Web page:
Frequently Asked Questions

 

Who is eligible for hospice?

Hospice offers services to patients who have a life limiting illness and whose physician has determined the goal of treatment is palliative care (treating symptoms) versus curative care (treating disease). Hospice patients do not have to be homebound, yet patients must be aware of their condition and reside within the Hospice service area.

*Physician’s Choice Hospice will not discriminate due to race, color, creed, age, national origin, gender, handicap, religion, genetic makeup, marital status, diagnosis, sexual preference, or because of an inability to pay for Hospice services. Every patient will be treated with the highest regard for their integrity.

Admission Criteria

To be admitted to Physician’s Choice Hospice, a patient must meet certain established medical criteria: Patient and/or family must understand the nature of Hospice care and be informed of his/her diagnosis and prognosis. The attending physician must approve Hospice care for the patient. The patient must also reside within the Hospice service area.

Admission Process

Hospice usually admits patients within hours after receiving the initial referral and physician's approval. Often, admission evaluations by a nurse will occur within 2 hours of all documentation being signed. The Hospice Admission Staff and other members of the Hospice Team are available to offer assistance and answer questions. Upon admission, a Hospice Nurse will arrange an in-home visit to discuss the patient’s individual needs and how Hospice services can help.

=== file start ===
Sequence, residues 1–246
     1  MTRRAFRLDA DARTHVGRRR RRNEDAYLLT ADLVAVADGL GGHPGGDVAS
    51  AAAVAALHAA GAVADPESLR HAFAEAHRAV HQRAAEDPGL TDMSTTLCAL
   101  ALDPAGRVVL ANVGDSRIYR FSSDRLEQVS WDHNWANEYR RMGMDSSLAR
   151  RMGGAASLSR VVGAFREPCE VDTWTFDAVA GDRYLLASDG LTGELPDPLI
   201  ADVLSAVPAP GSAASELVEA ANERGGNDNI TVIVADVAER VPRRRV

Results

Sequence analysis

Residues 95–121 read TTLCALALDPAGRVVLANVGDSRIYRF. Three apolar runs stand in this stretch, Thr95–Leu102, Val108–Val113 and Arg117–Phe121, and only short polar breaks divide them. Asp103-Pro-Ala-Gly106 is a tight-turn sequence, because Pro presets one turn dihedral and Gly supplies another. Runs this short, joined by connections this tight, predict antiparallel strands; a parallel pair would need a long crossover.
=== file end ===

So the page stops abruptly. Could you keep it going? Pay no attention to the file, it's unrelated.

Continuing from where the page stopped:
Why choose hospice?

When someone has been given a life limiting diagnosis that is incurable, they can find themselves in the revolving doors of the hospital. As their condition progresses, they are often readmitted for disease complications and worsening conditions. It is not uncommon for a patient to literally get lost in the healthcare system. Hospice is another ‘care alternative’ that will focus on comfort and quality of life instead of on-going medical testing and curative treatment. Hospice is not ‘giving up’, it truly is a change in focus of the patient care.

Physician’s Choice Hospice is accessible 24 hours a day, 7 days a week. Patients can receive professional medical, emotional, and spiritual support in the comfort of their home, whether that is a private residence, assisted living, memory care, or nursing home.

Hospice promises to affirm the power of choice and preserve a quality of life in every way possible. We accomplish this by including family, the care team, the patient, and physician in the care plan. Communication and follow through with family is a high priority and we value their input.

Hospice promises to address the physical, emotional and spiritual needs of patients and their families, with a deep respect for the patient’s wishes at the heart of it all. Hospice promises to be there, to help and to care.

In its earliest origins, the word ‘Hospice’ meant a place of shelter for travelers on a difficult journey. We have come a long way, but for patients, families and friends faced with a life limiting illness, Hospice means a place to turn and a team of people to be by your side. One of the choices Hospice provides is the ability for a patient with a life-limiting illness to stay at home surrounded by family and friends, in whatever setting they call ‘home’.

Making no attempt to hasten or delay death, Hospice focuses on controlling the patient’s pain and symptoms, while helping family and friends cope with the stress and emotions their loved one’s illness can bring.


How does hospice work?